Speed 2.0 Helmet – CAMP is responsible for some excellent skimo accessories including their Rapid Racing Pack and their Race 290 crampons, and have now improved their venerable Speed helmet to be slightly lighter and with a new retention system. The Speed 2.0 helmet is comfortable for racing and does not to conflict much with sunglasses or a light light hat.
- CAMP Speed on Skimo.co
Gara Titan binding – Ski Trab’s new binding comes in at just over 100g (slightly less than Dynafit Low Tech 2.0) and has all the required features plus a new design that allows the tech toe to close without coiled springs on the wings. Being completely new on the market, it may require some testing of the concept but it’s a possible worthy alternative binding.
- Gara Titan on Skimo.co
Rad Line – This is a special 30 meter, 6mm diameter ‘hyperstatic’ cord that can be used for rappelling and for glacier travel. The cord is pre-packaged by Petzl with three lightweight screw-lock carabiners, a double-shoulder length sling (can be used as an anchor or improvised harness), a micro traction (rope capture pulley (for a crevasse rescue), and a Tibloc (for rope ascent), all in a fancy Petzl bag.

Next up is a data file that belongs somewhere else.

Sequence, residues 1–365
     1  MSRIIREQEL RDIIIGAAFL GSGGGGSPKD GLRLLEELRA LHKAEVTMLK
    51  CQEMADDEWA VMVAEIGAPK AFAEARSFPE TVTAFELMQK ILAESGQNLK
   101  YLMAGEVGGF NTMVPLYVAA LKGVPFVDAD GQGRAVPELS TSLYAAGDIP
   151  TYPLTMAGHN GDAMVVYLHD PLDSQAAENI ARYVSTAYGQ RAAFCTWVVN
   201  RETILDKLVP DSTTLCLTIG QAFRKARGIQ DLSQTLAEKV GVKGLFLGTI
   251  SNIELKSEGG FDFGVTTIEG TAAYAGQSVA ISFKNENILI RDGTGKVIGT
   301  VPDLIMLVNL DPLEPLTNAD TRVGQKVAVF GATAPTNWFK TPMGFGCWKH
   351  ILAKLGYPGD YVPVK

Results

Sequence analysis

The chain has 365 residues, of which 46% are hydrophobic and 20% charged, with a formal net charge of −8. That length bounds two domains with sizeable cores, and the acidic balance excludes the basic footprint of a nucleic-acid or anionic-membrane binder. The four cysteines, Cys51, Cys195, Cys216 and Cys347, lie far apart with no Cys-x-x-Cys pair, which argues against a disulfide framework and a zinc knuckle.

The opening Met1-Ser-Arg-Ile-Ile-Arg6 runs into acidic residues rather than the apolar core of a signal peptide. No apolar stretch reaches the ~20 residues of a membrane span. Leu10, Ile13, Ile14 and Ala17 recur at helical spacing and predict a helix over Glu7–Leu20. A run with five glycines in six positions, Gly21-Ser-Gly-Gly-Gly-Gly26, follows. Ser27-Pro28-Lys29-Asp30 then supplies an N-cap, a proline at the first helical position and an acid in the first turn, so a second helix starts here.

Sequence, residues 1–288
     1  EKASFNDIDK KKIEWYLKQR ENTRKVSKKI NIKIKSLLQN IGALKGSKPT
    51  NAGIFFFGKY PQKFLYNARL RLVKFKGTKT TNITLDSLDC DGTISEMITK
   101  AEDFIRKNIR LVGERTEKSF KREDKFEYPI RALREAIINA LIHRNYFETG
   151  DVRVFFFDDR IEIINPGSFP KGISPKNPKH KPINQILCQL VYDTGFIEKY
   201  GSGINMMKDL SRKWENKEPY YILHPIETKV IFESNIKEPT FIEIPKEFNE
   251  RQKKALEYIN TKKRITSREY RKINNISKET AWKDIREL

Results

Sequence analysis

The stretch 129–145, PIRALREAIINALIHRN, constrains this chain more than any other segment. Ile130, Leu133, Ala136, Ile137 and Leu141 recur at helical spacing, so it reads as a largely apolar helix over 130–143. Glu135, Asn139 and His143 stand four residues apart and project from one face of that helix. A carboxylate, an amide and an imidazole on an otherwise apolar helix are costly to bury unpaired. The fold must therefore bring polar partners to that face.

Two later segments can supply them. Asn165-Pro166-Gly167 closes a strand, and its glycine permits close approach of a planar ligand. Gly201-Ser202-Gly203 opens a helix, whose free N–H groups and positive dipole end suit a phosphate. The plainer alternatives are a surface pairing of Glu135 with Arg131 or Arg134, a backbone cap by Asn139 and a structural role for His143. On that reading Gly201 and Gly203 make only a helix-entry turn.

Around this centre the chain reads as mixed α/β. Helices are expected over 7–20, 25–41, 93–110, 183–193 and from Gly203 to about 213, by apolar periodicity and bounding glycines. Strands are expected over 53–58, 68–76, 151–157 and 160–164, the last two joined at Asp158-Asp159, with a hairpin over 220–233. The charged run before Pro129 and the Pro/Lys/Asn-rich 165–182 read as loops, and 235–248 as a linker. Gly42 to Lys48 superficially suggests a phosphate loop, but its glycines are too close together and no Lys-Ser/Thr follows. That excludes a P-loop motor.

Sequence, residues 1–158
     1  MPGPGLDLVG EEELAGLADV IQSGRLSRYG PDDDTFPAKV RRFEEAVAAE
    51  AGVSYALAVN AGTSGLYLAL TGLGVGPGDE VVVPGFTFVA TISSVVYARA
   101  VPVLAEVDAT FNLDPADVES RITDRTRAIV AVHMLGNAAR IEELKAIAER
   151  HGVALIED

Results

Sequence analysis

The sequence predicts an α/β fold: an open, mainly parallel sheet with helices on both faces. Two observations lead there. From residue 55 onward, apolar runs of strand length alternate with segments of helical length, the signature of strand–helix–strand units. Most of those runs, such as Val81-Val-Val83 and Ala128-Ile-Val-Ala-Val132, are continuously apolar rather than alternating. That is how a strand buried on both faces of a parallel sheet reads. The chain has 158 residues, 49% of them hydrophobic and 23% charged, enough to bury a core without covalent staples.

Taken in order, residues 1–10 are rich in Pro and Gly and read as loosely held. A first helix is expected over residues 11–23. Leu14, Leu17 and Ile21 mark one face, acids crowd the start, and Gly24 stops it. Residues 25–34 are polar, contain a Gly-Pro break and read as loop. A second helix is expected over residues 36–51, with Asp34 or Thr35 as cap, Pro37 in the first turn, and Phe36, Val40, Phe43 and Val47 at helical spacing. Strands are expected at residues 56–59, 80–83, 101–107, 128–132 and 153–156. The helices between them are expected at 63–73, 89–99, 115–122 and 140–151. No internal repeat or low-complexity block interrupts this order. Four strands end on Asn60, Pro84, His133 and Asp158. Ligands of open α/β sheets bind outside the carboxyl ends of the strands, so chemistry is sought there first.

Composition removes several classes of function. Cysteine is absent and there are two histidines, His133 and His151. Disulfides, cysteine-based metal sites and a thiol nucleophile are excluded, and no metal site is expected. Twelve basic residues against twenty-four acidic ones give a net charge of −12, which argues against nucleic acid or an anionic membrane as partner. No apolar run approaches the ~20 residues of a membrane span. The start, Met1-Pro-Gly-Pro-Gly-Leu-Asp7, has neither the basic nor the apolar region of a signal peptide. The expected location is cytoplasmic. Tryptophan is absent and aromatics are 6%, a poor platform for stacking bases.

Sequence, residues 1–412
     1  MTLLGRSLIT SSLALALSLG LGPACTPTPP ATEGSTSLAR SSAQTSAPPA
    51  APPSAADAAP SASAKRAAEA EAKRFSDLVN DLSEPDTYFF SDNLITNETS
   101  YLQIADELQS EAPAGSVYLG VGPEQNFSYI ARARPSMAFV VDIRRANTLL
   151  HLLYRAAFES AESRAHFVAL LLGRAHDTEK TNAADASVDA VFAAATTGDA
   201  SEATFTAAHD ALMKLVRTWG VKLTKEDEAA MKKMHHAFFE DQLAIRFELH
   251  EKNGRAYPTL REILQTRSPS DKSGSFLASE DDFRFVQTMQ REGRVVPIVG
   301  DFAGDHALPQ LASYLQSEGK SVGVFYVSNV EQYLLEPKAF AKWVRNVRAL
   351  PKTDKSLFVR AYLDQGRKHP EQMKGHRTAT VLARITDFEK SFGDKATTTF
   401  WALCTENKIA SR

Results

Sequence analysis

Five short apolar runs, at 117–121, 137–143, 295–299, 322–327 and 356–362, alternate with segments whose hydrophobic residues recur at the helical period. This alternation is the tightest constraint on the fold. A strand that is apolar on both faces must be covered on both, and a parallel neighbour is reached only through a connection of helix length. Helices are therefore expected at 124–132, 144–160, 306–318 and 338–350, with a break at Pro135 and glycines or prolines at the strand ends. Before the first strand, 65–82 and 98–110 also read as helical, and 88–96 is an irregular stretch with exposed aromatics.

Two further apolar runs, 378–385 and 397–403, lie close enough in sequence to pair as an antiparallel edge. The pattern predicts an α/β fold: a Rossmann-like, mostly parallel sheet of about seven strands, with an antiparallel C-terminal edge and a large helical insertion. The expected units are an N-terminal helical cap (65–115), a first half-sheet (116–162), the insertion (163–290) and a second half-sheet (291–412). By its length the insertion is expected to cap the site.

The Rad Line is basically a ready-to-go ski mountaineering kit. Perfect for glaciers in the North Cascades, or Chamonix, or dropping into gnarly lines in the Tetons. Pair it with a thicker 30m lead line for harder terrain or use a skinny pull rope for 30m rappels.
- Petzl Rad Line at Petzl.com
For now, that’s all we have for new 2015-2016 skimo gear. We will have some more in-depth reviews of all of the above products soon! If we’ve missed anything, please give us a shout in the comments below or via our contact form.
I checked with the ISMF. Auto-locking bindings are still race-legal. The rules state that skimo race bindings “have to be lockable manually without tool.” “Without tool” is the key part of the rule.
The ISMF’s response to my request for clarification (about the Low Tech Auto in particular) was: